The once busting Clifton’s Cafeteria has been sadly quiet, closed for renovations for three years. Saturday night, the restaurant showed a big sign of life. Stephen Russo, a member of Vintage Los Angeles, tipped us off by posting a photograph of workmen installing a new retro neon sign to the page. Hundreds of VLA fans reacted by sharing and commenting on the post. Me? I bolted downtown to see the sign in person.
Photo: Stephen Russo
I speculate Clifton’s owners moved now so that the beloved destination to be included as one of the top attractions during Saturday night’s Bringing Back Broadway event, which brought more than 30 thousand people to downtown’s theatre district. Seeing the iconic structure light up DTLA in the center of seven historic movie palaces couldn’t have been more powerful! The historic structure now consists of red neon lights that frame the five windows on the second floor. A sign above the entrance spells out “LIVING HISTORY – CLIFTON’S – ESTABLISHED IN 1932” in honor of its legacy. It is quite an achievement.
Developer Andrew Meieran has put $5 million into renovating the 83-year-old structure and his vision is one to admire. He’s peeled back Clifton’s 1960s kitschy façade that covered up the cafeteria’s original design and revealed what’s been hidden underneath for more than 50 years, including the Clifton’s ghost sign. The photo showing the marquee letters going up and was taken on January 31s. It’s finally restored back to its original glory!
While updating the 47,000-square-foot space, Meieran’s team made an amazing discovery! While restoring a woman’s restroom, they noticed a neon bulb burning brightly behind a wall. Behind layers of plywood was a light panel that had been covered by plaster for 77 years. Someone forgot to turn it off during the Great Depression and today the light is the oldest existing neon bulb still working in the entire world. Meieran has said the lit bulb cost $17,000 in electrical bills over the years. It will be on display when Clifton’s officially reopens (so long as it doesn’t burn out before that).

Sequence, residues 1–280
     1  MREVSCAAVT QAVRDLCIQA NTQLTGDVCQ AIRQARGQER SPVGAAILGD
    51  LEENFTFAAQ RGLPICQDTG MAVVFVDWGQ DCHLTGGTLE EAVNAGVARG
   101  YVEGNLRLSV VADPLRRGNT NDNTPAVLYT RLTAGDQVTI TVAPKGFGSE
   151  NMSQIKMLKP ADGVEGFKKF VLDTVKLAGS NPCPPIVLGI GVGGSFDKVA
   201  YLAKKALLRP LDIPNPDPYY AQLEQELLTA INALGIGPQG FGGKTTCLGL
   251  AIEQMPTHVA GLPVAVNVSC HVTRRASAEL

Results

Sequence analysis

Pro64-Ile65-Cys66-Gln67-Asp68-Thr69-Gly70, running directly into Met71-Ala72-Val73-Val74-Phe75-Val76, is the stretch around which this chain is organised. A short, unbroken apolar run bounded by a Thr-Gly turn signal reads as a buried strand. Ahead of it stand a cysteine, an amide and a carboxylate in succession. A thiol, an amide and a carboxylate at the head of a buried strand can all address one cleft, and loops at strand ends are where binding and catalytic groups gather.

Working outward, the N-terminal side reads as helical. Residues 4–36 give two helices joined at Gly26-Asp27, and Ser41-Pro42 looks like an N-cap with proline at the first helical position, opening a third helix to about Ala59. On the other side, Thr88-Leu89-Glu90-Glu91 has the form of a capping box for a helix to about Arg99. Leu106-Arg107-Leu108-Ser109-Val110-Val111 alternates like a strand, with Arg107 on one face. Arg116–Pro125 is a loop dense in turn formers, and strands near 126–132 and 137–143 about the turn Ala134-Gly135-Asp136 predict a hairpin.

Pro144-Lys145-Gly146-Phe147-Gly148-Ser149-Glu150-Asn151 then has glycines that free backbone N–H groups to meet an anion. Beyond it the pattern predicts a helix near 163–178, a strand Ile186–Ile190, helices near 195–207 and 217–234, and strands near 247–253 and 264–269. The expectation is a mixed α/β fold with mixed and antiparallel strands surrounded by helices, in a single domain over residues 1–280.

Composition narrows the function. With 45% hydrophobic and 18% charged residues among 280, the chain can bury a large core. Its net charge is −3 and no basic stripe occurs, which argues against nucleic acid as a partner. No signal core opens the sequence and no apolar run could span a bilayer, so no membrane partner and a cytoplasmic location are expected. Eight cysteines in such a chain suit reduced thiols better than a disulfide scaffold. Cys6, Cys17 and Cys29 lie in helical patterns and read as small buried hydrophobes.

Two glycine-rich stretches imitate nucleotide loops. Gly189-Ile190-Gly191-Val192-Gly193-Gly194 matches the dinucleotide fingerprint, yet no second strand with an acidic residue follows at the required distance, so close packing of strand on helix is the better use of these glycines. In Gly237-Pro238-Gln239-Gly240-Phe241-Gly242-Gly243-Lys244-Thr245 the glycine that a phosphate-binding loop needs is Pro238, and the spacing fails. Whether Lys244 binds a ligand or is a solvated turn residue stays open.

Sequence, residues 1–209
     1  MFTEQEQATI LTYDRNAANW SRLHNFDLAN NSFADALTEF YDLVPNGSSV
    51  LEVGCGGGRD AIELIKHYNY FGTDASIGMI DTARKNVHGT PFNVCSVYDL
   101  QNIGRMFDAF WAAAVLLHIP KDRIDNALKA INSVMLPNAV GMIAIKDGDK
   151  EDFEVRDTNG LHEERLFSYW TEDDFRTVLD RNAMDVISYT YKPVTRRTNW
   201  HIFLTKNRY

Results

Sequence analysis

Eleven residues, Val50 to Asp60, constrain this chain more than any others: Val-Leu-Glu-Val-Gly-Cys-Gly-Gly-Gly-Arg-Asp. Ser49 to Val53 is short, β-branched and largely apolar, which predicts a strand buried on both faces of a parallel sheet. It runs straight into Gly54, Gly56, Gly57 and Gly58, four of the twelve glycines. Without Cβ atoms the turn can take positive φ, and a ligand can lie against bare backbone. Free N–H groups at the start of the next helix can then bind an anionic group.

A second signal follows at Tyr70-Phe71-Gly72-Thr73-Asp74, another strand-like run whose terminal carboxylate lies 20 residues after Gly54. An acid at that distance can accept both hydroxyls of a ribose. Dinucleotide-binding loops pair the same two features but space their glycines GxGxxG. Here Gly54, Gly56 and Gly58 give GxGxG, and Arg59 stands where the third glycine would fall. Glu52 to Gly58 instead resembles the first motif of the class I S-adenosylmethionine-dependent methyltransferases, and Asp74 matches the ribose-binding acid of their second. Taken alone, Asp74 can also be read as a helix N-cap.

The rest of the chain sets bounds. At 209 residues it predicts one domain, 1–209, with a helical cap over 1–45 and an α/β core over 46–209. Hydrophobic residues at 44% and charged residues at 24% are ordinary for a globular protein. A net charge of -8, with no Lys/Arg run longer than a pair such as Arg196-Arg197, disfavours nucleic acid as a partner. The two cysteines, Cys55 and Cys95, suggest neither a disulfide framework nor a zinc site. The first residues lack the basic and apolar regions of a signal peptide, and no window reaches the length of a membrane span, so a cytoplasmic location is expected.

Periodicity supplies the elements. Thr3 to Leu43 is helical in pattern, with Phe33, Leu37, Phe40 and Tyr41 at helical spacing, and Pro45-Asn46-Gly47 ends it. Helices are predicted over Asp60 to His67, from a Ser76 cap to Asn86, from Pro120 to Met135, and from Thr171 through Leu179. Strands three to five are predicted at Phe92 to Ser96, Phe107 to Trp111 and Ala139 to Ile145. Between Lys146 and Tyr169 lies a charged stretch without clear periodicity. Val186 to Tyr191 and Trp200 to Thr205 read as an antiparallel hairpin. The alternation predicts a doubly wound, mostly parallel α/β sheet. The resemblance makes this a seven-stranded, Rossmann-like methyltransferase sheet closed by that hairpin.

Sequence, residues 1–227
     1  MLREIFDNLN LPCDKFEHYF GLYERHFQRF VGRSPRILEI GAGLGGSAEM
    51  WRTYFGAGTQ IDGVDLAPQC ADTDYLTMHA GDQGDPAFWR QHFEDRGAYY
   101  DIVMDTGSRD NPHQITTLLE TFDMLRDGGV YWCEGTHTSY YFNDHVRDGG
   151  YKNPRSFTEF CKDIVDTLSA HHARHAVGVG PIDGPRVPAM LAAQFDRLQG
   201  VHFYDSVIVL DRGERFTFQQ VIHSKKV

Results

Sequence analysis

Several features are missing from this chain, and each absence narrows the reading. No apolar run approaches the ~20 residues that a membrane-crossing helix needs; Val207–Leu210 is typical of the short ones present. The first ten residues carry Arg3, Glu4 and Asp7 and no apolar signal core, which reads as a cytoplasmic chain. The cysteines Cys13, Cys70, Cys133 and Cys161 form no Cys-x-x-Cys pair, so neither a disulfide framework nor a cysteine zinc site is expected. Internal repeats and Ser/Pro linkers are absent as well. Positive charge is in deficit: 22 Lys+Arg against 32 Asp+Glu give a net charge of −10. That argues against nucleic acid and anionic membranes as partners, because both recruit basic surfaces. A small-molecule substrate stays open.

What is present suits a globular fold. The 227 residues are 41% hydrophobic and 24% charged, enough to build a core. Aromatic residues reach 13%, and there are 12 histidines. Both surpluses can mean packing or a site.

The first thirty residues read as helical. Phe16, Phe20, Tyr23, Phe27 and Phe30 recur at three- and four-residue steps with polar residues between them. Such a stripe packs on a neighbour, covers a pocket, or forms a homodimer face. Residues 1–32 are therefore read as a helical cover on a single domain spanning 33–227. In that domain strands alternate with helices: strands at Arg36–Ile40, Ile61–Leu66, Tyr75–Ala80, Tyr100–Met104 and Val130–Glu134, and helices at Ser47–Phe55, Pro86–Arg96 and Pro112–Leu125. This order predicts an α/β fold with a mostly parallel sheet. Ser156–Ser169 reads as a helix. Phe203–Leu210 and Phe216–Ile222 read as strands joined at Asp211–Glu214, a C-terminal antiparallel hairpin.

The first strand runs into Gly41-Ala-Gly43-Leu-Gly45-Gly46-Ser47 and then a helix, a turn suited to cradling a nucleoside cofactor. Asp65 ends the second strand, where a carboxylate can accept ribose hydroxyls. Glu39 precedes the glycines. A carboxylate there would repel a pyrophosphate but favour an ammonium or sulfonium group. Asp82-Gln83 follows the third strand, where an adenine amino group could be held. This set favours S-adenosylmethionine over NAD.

I was fortunate enough to produce a short segment on the work being done at Clifton’s for EYE ON LA back in the summer of 2013 and got a sneak peek inside. I was in heaven. The restaurant’s original forest motif, including the redwood trees, murals, and terraces, were completely intact and were undergoing restoration.
I also noticed the ‘60s blade sign—the one that went up and down—resting on the floor inside! Today the sign hangs in the alley attached to the structure.
There’s no official date for Clifton’s reopening, but I suspect we’ll be eating turkey dinners with sides of mashed potatoes and Jell–O very soon. If the owners achieve the vision they’ve described, the lower level cafeteria will be our familiar hang and continue to serve traditional cuisine. The underutilized second floor will consist of theme bars designed in an art deco, streamline style. The third floor will house a sit down restaurant and a museum called A House Of Treasures, while the fourth floor will pay homage to the Clifton’s that was once located on Olive Ave. with a retro Polynesian theme and a bar called The Seven Seas. The entire project sounds like a time machine! When Clifton’s reopens, there is sure to be a line down the block.
Clifton’s Cafeteria POSTCARD dated 1956
The following photos show the various stages of Clifton’s starting the the 30’s until present day.
Photo by Hunter Kerhart
This article originally appeared in Los Angeles Magazine
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